Heroes of the marathons

Heroes of the marathons

Several special needs students have set their sights on completing a great challenge

20130116102857.jpg

The school's long-distance runners who will be entering the Standard Chartered Hong Kong Marathon (from left): Tang Tin-wai, Joyee Lee, Anthony Leung, Lee Ming-chun, Ho Tim-ming, Jack Ng, Tai Man-ting.
The school's long-distance runners who will be entering the Standard Chartered Hong Kong Marathon (from left): Tang Tin-wai, Joyee Lee, Anthony Leung, Lee Ming-chun, Ho Tim-ming, Jack Ng, Tai Man-ting.
Photo: May Tse/SCMP
Mental disability? That is no hindrance to student athletes of HHCKLA Buddhist Po Kwong School. They did quite well in 10km races at the Standard Chartered Hong Kong Marathon in previous years. Next month, some of the school's runners plan to go one better: they want to take on a gruelling half-marathon challenge.

The school in Fan Ling is for slightly mentally handicapped students from Primary One to Secondary Six. Besides normal lessons, students can take a variety of fun classes and sports activities after school.

That's how the idea of introducing long-distance running to students came to be, says the school's co-ordinator of sports activities, PE teacher Lee Kwong-shun. "In 2007, I took part in the Standard Chartered Hong Kong Marathon [10k event]. I was amazed by the atmosphere and determined to bring the sport to my school," Lee says. He started to enrol students for a team. "We had a very good response from students," the teacher says.

"We had selections to pick [only those] students who could complete the 10km distance. The limit would ensure that we had enough teachers who volunteered to take care of our students on a one-on-one basis. In the end, we had about 10 students joining the marathon for the first time in 2008."

The school did its best to make sure the students were well trained and relaxed before the race. "We were able to arrange overnight accommodation for them before the race day," Lee says. "We also got sponsorships from some generous donors to cover part of the expenses on enrolment fees and kits for students."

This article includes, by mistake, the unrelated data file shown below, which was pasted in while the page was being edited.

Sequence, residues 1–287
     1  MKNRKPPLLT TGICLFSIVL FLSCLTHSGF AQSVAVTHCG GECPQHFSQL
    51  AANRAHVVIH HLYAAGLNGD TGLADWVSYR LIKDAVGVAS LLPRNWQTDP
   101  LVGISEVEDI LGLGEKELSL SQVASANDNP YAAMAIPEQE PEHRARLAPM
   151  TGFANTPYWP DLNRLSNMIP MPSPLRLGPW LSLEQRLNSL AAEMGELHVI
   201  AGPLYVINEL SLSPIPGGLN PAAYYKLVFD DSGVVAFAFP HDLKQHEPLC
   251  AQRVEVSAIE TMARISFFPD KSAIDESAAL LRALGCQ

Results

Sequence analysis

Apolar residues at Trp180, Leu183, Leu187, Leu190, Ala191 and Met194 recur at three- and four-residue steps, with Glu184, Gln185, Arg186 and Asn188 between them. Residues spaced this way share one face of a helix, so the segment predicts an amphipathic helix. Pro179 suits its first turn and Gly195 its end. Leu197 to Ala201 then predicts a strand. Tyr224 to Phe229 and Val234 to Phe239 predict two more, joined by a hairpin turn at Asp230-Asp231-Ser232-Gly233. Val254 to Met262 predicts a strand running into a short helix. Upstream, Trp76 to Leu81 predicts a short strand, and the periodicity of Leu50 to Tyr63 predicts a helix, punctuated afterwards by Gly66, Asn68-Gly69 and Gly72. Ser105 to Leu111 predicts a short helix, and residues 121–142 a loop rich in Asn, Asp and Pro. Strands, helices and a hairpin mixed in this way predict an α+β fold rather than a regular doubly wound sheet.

Long-distance running caught on in the school. "We continued to participate in the marathon," Lee says. "This year is our sixth time in a row. We have five students in the 10km race and three in the half-marathon race."

All the students have been training hard. "We kicked off our training when the school year started," the teacher says. "Right now we train three to four times a week."

The runners at Po Kwong all seemed eager athletes when Young Post visited the school. Form Six student Jack Ng Tsz-him, 19, is going to represent his school for the third time at next month's marathon. "I had smooth progress in both 2010 and 2011," Jack says. "I was accompanied by my teacher the first year and by my mum last year. I want to complete the 10km race faster this year - within one hour."

One of Jack's teammates is Joey Lee Chau-ping, 17, a Form Three student. She also ran in the 10km race last year.

She was part of the Hong Kong athletics team for mentally disabled athletes.

For the first time in the school's history, she and two other students will join the half-marathon this year. "I have full confidence that I can run a longer distance," says Joey. "I like running from the school to Tai Po with teammates and teachers. It is not tough as I am fit."

A new member of the team is Anthony Leung Tsz-shing, 16. He only started training last September. "This will be my first race," says Anthony, who studies in Form Four. "I did not find the training too difficult."

He then adds: "I am really happy when I run."

Tag: 

Comments

To post comments please
register or